Johnson, Jeh Vincent 1931–
Jeh Vincent Johnson 1931–
In a career spanning over forty years Jeh Vincent Johnson has remained committed to the idea that designers should take account of their social responsibilities and attempt to provide buildings that respond to “human emotional needs,” as he told Contemporary Black Biography (CBB). He has followed this principle both as a teacher at Vassar College and in his private architecture practice. Besides numerous churches, colleges, and community buildings he is responsible for designing over 4,300 housing units, many of which were developed under government programs during the 1960s to provide good-quality, low-cost housing for underprivileged groups. He is known as a thoughtful designer, an inspirational teacher, and a forceful, untiring advocate for female and minority architects.
Born in Nashville, Tennessee, on July 8, 1931, Johnson was the youngest of five children, though his twin sister died soon after birth. He grew up on and around the campus of Fisk University, where his father, Charles Spurgeon Johnson, was professor of sociology and later the university’s president. Johnson’s mother presided over a home that welcomed visitors and was always busy with guests, boarders, and family members. Although his parents were Baptist and Methodist, Johnson first attended the St. Vincent de Paul Catholic School and then Pearl High School in Nashville. Though segregated, St. Vincent’s in particular had an enviable academic record and provided Johnson with a good early education.
Johnson was a bright student in high school. When he graduated, the Dean of Columbia College at Columbia University invited him to apply for the Columbia College National Scholarship for 1953. The advantage of studying there was that he could begin his professional studies in architecture a year early, in his senior year. He entered the School of Architecture, where he became President of the Student Body.
In between his first and second years at graduate school, Johnson was drafted into the Army, rising to the rank of sergeant during his twenty-two months’ service. He returned to Columbia where his architectural heroes were Frank Lloyd Wright and Le Corbusier. Johnson was later influenced by Albert Mayer and Clarence Stein. He had a summer job working for black architect Paul R. Williams in Los Angeles. Williams was known as “the architect to the stars” and Johnson felt that the experience of working for him not only made him a better designer, but also gave him a new perspective on architecture itself. He told CBB that “My work with him and his easy going, eclectic way of doing things stood in striking contrast to the rather rigid functionalism that was current in the eastern schools.”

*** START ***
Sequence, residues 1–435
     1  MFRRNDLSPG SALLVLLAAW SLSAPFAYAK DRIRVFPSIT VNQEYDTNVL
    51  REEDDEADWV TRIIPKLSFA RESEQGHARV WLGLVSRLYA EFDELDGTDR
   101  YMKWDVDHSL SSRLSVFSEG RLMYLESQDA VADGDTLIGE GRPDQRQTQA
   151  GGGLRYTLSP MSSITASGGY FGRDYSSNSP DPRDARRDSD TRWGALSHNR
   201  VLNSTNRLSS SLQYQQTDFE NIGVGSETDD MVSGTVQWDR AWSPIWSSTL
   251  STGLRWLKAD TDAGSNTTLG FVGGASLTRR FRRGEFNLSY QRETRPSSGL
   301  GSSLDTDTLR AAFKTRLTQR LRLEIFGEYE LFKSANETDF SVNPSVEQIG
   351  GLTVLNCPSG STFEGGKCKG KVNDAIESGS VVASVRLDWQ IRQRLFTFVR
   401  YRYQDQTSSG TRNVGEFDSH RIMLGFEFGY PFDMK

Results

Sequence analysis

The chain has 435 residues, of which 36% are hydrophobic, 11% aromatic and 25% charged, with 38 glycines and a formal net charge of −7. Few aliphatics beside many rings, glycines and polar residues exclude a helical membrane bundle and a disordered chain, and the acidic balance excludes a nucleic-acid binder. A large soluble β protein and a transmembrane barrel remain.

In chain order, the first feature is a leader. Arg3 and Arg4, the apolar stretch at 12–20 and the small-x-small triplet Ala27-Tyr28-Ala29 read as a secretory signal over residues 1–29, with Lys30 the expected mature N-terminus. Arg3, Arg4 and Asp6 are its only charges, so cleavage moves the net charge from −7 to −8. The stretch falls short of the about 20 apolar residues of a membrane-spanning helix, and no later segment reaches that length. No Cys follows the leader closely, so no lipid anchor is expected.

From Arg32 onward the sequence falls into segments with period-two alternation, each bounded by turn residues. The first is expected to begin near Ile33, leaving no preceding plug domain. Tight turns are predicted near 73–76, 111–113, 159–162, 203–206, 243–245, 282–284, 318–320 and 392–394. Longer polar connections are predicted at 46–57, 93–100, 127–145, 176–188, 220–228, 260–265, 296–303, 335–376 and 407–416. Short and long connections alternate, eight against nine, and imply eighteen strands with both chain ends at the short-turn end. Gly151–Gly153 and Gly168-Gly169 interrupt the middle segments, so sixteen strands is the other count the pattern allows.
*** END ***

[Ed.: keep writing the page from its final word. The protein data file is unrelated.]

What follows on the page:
After graduating in 1958, Johnson won the William Kinne Fellows Fellowship for travel. He was already interested in designing multi-family housing and Europe
At a Glance…
Born on July 8, 1931, in Nashville, TN; married Norma, 1956; children: Jeh Charles, Marguerite Marie. Education: Columbia College, AB, 1953; Columbia University, MA, architecture, 1958. Military Service; United States Army, 1953-54.
Career: Paul R. Williams, architect and designer, 1956; Adams and Woodbridge, Architects, architect and designer, 1958-62; Gindele and Johnson, architect and designer, 1962-80; Vassar College, lecturer in art and design, 1964-2001; LeGendre, Johnson, McNeil Architects, partner, 1980-90; Jeh V. Johnson, FAIA, architect, 1990-.
Memberships: National Organization of Minority Architects (NOMA), co-founder, 1971.
Awards: AIA, Students Medal, 1958; William Kinne Fellowship, 1959; Fellowship of American Institute of Architects, 1977; New York chapter of the American Institute of Architects, special citation, 1997.
was at the cutting edge of that kind of work. While still a graduate student Johnson had met and married Norma Edelin and she accompanied him for the first few months of his trip. In all, Johnson and his used VW covered 10,000 miles in the eight months of his stay in Europe, visiting countries as far apart as Italy and Sweden.
Johnson has said that his studies of group housing projects and his talks with European planners served him well in his later professional career. He was particularly impressed by the Stockholm New Town Hall, which he thought had managed to “incorporate vernacular traditions and patterns into a major public structure that has importance and dignity, while retaining a tactility and humane scale that is most appealing.”